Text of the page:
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How Cleveland helped launch Meat Loaf's music career

The larger-than-life singer got his start right here in Cleveland back in 1977.

CLEVELAND — The rock and roll world as we know it lost a spark when we learned Friday that legendary singer and actor, Meat Loaf, had died at the age of 74. His cause of death has not yet been released.

Meat Loaf's voice and style were undeniable. He was a larger-than-life rocker with a Broadway flare. 

In 1977, he burst onto the music scene with his debut album, "Bat Out of Hell."

And his start? That happened right here in Cleveland.

After years of rejection from other labels, Meat Loaf got his big break thanks to the late Steve Popovich and his Cleveland International Records. 

Popovich's son, Steve Jr. remembers the day his dad took a chance on the would-be megastar.

"David Sonenberg, who was Jim Steinman and Meat Loaf's manager at the time, sent (my dad) a copy of the cassette. It was something that, you know, he had listened to and eventually it really grew on him. And, you gotta remember, this was a day and age where, you know, it's like pretty-boy rock, you know? And, here's this long hair, 350-pound guy with seven-minute songs in a opera-added voice, so, definitely wasn't hip back in those days. But, he heard that 'thing.' It was something he felt in his heart that he wanted to sign to Cleveland International and go to war for," Steve Popovich, Jr., said.

Credit: Steve Popovich, Jr.
John Belushi; Meat Loaf; Steve Popovich; Karla Devito.

Popovich, who signed other big Cleveland names like Ian Hunter and Polka king Frankie Yankovic, saw something in Meat Loaf that would hit home with the hard-working folks in our town.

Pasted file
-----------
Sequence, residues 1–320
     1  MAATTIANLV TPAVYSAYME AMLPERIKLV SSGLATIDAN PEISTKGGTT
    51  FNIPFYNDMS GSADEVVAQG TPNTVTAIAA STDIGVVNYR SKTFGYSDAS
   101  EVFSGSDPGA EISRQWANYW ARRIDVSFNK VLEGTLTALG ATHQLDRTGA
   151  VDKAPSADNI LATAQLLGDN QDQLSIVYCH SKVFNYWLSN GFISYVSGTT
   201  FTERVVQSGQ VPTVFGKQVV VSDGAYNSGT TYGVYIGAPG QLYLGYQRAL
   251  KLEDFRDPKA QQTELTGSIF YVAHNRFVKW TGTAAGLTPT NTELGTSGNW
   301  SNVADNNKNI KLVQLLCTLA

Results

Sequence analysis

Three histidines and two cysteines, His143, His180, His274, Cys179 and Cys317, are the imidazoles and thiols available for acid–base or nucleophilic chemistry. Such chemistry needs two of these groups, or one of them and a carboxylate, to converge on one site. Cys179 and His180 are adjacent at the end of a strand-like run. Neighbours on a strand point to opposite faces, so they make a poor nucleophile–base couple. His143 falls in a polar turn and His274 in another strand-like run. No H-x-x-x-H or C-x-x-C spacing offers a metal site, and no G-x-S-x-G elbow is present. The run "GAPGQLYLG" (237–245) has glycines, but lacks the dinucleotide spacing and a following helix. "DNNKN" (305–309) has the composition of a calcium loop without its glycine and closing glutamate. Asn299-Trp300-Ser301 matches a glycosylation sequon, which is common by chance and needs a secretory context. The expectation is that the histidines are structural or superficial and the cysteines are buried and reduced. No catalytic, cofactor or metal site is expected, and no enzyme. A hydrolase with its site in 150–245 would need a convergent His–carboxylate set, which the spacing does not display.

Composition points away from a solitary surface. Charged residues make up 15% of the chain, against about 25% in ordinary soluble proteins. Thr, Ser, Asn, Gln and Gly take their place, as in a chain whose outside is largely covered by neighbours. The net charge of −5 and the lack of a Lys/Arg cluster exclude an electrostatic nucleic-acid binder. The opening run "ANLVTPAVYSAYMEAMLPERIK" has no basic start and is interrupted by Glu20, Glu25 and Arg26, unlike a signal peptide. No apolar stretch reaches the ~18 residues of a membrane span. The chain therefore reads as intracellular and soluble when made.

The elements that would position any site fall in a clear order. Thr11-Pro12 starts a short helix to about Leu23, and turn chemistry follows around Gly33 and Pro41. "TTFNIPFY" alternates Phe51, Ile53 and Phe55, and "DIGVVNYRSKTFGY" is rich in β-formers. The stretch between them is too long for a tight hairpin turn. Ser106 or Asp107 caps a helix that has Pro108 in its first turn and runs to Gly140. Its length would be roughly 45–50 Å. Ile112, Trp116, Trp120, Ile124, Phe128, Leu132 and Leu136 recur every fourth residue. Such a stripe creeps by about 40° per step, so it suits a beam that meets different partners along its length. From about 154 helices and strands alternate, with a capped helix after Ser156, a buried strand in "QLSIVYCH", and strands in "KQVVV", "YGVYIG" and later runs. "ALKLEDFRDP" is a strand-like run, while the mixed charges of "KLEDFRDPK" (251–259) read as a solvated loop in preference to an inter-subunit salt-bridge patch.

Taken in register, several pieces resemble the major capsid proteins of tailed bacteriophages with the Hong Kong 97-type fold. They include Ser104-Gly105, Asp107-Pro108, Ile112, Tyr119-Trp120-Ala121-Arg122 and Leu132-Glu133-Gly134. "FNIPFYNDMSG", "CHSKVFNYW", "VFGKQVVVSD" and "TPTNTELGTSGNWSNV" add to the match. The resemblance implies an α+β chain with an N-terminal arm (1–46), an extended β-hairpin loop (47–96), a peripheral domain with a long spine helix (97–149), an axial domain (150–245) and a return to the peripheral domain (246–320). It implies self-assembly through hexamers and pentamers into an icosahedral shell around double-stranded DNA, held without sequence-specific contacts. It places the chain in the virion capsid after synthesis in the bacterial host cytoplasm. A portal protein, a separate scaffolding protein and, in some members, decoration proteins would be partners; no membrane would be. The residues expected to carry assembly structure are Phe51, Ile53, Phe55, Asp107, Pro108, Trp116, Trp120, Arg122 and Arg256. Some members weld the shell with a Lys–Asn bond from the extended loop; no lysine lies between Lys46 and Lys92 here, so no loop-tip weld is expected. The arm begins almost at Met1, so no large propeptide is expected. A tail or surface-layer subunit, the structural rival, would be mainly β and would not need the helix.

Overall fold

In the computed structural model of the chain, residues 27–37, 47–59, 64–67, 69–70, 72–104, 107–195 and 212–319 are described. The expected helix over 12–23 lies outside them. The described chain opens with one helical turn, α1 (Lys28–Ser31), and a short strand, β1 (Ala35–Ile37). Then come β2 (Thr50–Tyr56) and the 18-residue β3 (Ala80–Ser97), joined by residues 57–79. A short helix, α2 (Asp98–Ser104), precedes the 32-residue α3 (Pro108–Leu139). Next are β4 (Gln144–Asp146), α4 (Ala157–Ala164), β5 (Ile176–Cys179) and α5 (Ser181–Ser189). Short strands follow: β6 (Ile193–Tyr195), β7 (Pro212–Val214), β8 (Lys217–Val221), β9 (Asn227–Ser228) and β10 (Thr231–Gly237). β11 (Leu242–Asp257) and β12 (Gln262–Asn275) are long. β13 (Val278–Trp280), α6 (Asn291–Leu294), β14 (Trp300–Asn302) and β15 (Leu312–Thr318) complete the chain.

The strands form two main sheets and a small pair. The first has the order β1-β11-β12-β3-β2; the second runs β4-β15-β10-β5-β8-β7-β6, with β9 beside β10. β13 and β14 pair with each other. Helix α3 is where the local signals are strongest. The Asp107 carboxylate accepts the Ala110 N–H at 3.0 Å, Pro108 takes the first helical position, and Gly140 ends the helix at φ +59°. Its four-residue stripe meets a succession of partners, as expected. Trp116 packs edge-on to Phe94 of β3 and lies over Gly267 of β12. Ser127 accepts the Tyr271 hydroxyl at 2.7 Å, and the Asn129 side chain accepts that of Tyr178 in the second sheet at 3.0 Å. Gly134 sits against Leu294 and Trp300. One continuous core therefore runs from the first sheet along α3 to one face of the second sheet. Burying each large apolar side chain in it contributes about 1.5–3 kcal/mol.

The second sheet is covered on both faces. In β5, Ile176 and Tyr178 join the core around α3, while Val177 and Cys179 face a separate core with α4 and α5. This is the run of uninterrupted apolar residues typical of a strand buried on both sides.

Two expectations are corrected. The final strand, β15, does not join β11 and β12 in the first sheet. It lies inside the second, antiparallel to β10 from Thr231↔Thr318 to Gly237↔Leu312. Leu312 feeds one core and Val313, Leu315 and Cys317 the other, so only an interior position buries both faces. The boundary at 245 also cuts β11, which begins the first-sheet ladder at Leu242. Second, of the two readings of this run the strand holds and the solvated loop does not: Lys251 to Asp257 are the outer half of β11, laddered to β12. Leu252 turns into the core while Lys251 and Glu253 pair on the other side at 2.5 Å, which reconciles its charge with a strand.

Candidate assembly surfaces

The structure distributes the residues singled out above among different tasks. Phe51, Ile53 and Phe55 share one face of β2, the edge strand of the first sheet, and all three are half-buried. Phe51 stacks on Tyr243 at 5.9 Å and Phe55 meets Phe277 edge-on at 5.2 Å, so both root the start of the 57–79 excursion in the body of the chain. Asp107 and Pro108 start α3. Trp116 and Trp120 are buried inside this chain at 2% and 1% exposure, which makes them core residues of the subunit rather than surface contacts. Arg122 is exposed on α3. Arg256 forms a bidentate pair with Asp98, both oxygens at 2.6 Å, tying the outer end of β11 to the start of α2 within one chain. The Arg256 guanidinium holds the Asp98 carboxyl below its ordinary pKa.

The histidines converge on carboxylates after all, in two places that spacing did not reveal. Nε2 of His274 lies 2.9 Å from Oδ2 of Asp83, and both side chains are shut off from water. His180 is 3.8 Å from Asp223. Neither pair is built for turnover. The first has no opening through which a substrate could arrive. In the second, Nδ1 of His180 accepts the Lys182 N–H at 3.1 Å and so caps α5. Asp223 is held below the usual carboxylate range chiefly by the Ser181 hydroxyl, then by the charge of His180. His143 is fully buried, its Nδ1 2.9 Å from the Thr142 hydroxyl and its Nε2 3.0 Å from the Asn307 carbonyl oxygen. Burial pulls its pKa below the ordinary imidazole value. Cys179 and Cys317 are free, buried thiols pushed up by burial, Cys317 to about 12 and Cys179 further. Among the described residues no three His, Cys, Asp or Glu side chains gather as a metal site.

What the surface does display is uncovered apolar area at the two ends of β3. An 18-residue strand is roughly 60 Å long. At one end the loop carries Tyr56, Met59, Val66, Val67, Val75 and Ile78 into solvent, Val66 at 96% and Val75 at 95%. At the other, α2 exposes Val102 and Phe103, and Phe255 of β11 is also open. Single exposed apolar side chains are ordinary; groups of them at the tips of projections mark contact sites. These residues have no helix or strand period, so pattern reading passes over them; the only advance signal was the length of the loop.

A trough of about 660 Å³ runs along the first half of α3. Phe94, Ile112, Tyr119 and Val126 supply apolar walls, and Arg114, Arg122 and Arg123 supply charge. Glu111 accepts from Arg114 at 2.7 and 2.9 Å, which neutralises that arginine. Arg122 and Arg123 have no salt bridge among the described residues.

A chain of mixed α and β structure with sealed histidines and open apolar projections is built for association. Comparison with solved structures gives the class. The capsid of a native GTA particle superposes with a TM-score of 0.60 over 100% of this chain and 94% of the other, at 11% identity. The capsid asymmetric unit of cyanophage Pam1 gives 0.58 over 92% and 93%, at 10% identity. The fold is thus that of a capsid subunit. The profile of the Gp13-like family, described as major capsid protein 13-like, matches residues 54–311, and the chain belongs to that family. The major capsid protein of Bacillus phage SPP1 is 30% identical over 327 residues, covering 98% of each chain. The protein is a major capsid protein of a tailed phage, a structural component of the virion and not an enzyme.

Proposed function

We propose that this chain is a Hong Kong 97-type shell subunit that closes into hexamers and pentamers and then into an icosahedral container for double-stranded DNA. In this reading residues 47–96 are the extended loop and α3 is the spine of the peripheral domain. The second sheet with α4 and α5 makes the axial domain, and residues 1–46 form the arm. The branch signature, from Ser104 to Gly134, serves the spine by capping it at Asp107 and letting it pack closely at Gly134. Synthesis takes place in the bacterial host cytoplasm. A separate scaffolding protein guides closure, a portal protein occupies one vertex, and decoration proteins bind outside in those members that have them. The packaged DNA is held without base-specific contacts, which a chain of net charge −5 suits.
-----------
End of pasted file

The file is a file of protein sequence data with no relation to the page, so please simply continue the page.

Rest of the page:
"He wanted to bring that same blue-collar type label to the City of Cleveland, you know, a city that embraced him at a very young age, in a city that he loved and was very passionate about. I think Meat Loaf represented that," Popovich, Jr., said.

After a slow start, "Bat Out of Hell" picked up steam. The album Meat Loaf made with songwriter Jim Steinman and producer Todd Rundgren would become one of the best-selling albums of all-time.

Meat Loaf went on to have a six-decade career, with over 100 million albums sold and appearing in more than 65 movies. Yet, he never forgot about the town, or the people, who put him on the map.

"He did a lot of things with WMMS, and the fact that the label was in Cleveland -- this was pretty much his second home for those years," said Cleveland radio icon and WOW Media, LLC. CCO, John Gorman.

Credit: John Gorman
Meatloaf’s “comeback album” party in 1993 held at Peabody’s Down Under, a rock club in the Flats. Left to Right: Gina Iorillo, national album promotion for MCA Records; John Gorman; Ravenna Miceli, and Meat Loaf.

Cleveland is long known as the "Birthplace of Rock." But, Meat Loaf took us to another level of Rock and Roll respect. He would do anything for love ... and for the love of music.

"He helped us as much as we helped him," Gorman said.

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